Between my last blog entry and today a major event occurred: Nelson Mandela, South Africa’s national hero and an icon of freedom movements worldwide passed away. Although Mandela had not made a public appearance in years and there were several rumours around the state of his health, I was deeply moved by the finality of his death, as were millions of other people around the globe. I cannot pretend to know much about the man or even deeply understand his legacy for the country, after such a limited experience. What I can do here though, is try to make sense of my observations in Johannesburg, of what Mandela meant to me and probably to many other people. (more…)
Athens, 5-7 December 2013
URBAN CRISIS OR URBAN CRISES?
Comparing austerity urbanism, everyday life and resistance in Greek and German cities
Address: National Technical University of Athens/Tositsa Building/ Patision 142
Department of Geosciences / Geography, Goethe University Frankfurt am Main
Department of Urban and Regional Planning, National Technical University of Athens
Supported by DAAD
by Ares Kalandides
The instant you pass the turnstiles of the Rea Vaya you find yourself on the other side of the mirror. Rea Vaya, Johannesburg’s BRT (Bus Rapid Transportation system) is a parallel universe crossing the city from end to end; a glass world that engulfs the passenger in safety and order. The system was inaugurated in 2009, a few months before the Soccer World Cup in South Africa and its foremost aim was to transport visitors to the sports sites. In a city with serious mobility issues, the new BRT was a very ambitious undertaking that was supposed to help solve the transportation problems for all citizens and visitors in the long term. The system was already tried out in Latin America (Curitiba, Bogotá etc.) and was adopted in Johannesburg despite some serious criticism. It is very different from the Metrobus (the pre-existing bus system) and the mini-bus taxis. Both of the others are more popular and cheaper means of transportation that also cover a much larger territory, in particularly linking many of the peri-urban settlements (where people live) with the inner city (where people work).
by Ares Kalandides
(This is the second part on The (In)formal City project in Johannesburg. For part 1 see here)
The South African constitution is very straightforward about the right to housing to all the state’s citizens. Article 26 of the Bill of Rights declares:
1. Everyone has the right to have access to adequate housing.
2. The state must take reasonable legislative and other measures, within its available resources, to achieve the progressive realisation of this right.
3. No one may be evicted from their home, or have their home demolished, without an order of court made after considering all the relevant circumstances. No legislation may permit arbitrary evictions.
There are several cases where communities in the Gauteng province were displaced, only to have the Constitutional Court rule a) that the authorities had acted illegally and b) that they needed to provide alternative shelters immediately. The bottom line is that that cities around the country in general and the city of Johannesburg in particular are under constant pressure to provide adequate housing. (more…)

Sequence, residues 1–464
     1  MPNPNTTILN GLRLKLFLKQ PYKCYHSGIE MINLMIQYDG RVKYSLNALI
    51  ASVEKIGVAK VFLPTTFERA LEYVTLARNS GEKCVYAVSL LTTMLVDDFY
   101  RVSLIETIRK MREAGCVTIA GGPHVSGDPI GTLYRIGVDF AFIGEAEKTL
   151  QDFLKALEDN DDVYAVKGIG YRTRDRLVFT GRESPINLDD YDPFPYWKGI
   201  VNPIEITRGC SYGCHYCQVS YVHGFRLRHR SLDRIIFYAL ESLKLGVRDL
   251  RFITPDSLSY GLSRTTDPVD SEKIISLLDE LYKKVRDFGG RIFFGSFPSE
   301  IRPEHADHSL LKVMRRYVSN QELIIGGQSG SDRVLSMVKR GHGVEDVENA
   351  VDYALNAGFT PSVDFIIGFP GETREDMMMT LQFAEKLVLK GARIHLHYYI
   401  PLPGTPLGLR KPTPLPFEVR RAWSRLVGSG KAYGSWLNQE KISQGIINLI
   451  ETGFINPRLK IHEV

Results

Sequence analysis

by Ares Kalandides
Walking down the streets of Johannesburg in a conspicuously large group will of course attract stares. Here we are, a crowd of 22 with different backgrounds and skin colours (Africans, Europeans, Latin Americans) diving into taxi ranks, climbing up roofs and emerging out of oriental markets. Yet, we are not in Jo’burg to consume images: Our transdisciplinary team is here to look at spatial practices between formality and informality. On the one hand we are trying to understand the meaning of the terms (if there is any to begin with) and on the other to see how they can be operationalized in our own practical work or activism. The project, The (In)formal City, was initiated by the Goethe-Institut and Inpolis in Berlin and is financed by the Robert-Bosch-Stiftung. Anne Graupner (26’10 SOUTH ARCHITECTS) and Alex Opper (University of Johannesburg) are the cooperation partners and hosts in South Africa.
The (In)formal City constitutes an example of an immersive and process-driven project of exchange, premised on international comparison and collaboration between two interdisciplinary teams of participants from Berlin and Johannesburg respectively. The primary focus of this exchange is to challenge often overly simplistic understandings of the terms formality and informality. In the context of this project, each participating team consists of students and young professionals from architectural, planning and (urban) geography backgrounds: researchers and practitioners interested in the complexities inherent in the current and ongoing pervasive global occurrences of urbanisation. Specifically the exchange, analysing conditions underpinned by (in)formality in these two very particular cities, concerns itself with and investigates aspects around commonalities and differences between formality and informality - not only within the two contexts, but also between them.